Although I have preached about the need to increase not decrease marketing budgets on this blog over the past month or more, let’s be realistic – I say to myself – not every firm will follow that advice. Some have or will cut budgets no matter what. So, what’s a poor rainmaker suppose to do.

Yep! While a number of large law firms are cutting lawyers and staff, it is no secret that budgets, including marketing budgets, are being trimmed for the coming year. Unfortunately that is shortsighted. In fact, it may reduce the amount of new business harvested in the coming year.

If business development is good for law

Although we lawyers were taught in law school that we could do brain surgery – if only the light was right, please don’t utilize a surgical knife when scrutinizing your coming year’s marketing budget.

As many investment advisors (oh yeah, we were taught we could do that too in our sleep) are telling their clients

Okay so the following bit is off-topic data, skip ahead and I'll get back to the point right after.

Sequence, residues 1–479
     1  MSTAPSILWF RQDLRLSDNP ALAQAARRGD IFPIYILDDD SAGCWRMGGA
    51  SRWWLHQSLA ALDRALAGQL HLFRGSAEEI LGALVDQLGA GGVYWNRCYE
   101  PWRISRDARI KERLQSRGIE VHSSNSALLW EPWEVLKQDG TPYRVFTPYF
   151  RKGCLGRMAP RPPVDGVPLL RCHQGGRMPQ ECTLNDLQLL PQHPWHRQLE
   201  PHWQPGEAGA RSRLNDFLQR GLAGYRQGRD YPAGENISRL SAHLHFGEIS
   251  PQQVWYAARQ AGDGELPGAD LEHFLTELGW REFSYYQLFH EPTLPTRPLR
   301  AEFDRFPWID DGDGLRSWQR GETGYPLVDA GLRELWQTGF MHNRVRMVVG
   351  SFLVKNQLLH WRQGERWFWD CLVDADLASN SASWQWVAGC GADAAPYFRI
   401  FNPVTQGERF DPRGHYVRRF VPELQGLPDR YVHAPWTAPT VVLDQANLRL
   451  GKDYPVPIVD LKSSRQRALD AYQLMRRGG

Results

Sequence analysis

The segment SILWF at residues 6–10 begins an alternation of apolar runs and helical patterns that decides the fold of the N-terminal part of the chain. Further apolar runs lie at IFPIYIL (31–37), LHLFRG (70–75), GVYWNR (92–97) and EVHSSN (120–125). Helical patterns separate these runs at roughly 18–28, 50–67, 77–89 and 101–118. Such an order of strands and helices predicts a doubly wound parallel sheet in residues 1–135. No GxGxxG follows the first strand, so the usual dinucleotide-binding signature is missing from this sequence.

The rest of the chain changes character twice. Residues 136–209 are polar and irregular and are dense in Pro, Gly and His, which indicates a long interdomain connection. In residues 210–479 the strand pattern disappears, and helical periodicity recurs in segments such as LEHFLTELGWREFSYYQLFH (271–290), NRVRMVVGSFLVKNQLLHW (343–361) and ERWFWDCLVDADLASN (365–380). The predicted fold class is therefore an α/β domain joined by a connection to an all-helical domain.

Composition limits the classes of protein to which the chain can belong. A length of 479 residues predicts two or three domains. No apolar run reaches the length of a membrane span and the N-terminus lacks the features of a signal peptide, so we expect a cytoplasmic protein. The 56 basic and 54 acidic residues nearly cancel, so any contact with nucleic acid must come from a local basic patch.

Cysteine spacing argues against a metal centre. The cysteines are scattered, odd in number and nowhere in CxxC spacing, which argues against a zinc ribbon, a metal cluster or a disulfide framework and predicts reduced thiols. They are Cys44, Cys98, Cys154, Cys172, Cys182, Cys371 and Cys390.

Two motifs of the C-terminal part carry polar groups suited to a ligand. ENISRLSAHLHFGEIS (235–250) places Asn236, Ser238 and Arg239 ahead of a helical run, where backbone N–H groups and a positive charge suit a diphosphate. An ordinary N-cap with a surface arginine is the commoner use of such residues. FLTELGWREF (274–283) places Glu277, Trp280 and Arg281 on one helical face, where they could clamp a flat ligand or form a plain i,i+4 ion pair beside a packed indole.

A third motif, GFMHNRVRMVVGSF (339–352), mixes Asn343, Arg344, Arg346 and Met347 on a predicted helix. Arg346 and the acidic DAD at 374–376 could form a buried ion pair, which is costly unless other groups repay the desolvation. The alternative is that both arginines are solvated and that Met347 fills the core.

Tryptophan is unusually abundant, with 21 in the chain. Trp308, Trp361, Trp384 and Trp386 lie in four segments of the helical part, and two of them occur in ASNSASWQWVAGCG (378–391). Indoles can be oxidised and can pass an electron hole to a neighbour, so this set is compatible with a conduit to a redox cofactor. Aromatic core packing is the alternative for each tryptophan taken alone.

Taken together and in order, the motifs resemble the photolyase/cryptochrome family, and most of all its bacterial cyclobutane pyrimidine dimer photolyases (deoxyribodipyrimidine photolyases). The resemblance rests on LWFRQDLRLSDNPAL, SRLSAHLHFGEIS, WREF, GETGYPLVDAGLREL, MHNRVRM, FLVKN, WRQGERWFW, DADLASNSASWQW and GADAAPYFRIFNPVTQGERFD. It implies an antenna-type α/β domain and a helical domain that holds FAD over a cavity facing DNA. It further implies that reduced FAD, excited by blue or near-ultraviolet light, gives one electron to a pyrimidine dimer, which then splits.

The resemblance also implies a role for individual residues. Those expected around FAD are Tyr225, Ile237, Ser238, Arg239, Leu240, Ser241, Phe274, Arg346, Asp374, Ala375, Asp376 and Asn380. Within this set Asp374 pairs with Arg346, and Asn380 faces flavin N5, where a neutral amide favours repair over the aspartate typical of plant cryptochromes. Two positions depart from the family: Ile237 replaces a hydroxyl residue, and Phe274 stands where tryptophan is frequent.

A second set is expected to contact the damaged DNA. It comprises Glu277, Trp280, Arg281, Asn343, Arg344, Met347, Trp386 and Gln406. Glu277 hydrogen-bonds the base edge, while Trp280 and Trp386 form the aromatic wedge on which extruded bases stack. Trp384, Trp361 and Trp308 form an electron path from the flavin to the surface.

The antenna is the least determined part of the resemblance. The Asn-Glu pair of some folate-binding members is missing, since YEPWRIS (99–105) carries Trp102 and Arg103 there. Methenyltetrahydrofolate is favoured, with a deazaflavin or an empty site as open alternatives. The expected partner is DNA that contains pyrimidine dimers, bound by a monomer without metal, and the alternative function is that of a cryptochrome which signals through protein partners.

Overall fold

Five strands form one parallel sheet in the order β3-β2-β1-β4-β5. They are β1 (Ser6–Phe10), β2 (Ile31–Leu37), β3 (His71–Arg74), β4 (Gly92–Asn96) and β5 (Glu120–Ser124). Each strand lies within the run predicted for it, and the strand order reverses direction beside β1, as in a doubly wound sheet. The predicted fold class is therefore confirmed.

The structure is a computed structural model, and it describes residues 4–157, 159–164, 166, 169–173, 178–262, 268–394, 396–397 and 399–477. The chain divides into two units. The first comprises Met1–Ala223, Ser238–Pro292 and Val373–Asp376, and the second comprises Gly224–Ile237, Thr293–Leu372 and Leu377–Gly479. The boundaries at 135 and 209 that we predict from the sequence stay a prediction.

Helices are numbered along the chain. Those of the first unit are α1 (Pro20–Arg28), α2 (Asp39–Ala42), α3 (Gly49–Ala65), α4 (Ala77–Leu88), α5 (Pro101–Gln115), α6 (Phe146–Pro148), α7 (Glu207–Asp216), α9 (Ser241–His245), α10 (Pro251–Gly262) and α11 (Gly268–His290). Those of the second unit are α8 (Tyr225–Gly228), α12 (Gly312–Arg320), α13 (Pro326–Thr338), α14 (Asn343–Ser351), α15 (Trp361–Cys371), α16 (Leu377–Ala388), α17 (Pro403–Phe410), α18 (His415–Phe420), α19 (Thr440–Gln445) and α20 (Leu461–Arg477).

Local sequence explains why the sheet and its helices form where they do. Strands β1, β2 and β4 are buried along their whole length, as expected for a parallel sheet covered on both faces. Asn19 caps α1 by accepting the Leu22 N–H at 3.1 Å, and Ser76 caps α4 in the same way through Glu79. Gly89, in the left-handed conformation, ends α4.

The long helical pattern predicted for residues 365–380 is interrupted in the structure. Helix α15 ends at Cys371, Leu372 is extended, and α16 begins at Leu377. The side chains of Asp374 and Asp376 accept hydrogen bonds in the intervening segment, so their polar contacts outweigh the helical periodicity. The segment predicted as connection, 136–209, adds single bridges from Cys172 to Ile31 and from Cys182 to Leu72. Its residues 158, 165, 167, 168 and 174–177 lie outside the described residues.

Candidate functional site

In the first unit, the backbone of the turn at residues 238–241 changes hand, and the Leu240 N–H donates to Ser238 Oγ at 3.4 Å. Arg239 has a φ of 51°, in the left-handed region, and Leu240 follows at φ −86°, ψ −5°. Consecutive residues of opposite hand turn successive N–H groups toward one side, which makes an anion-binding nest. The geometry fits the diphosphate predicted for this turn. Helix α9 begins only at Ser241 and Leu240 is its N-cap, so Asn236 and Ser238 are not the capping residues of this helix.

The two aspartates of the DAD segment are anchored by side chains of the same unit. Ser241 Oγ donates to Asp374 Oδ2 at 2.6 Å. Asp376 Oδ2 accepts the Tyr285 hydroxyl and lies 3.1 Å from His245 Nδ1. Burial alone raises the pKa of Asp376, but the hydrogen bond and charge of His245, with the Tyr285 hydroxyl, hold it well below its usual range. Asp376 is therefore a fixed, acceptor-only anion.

While some may be in denial, Warren Buffett writes in an Op-Ed piece in The New York Times (free registration required) that the “financial world is a mess”… but that he is now “buying American stocks.” He’s talking about his personal account (not his Bershire Hathaway holdings) which traditionally has been entirely in U.S. Government bonds.

Well, “secrets” may be a bit strong, since what makes small to medium size law firms successful isn’t exactly rocket science. Prosperous smaller firms have very successful lawyers who never practiced in BigLaw, as well as those who did, but left because they no longer cared for the environment or life style in larger firms.


I’m not referring to keeping up with the Jones’ or with large firms for that matter. What I am referring to is whether your firm is keeping up with the needs of your marketplace in terms of marketing and business development. Times change and competition is increasing. Both should be taken into consideration when calculating what your budget

You are late, if you haven’t already budgeted for marketing and business development for 2008. Most large law firms start their budgeting process in early fall for the following calendar year. 

Of course, there are firms that still do not prepare a formal marketing budget at all, so anything I say here would be a waste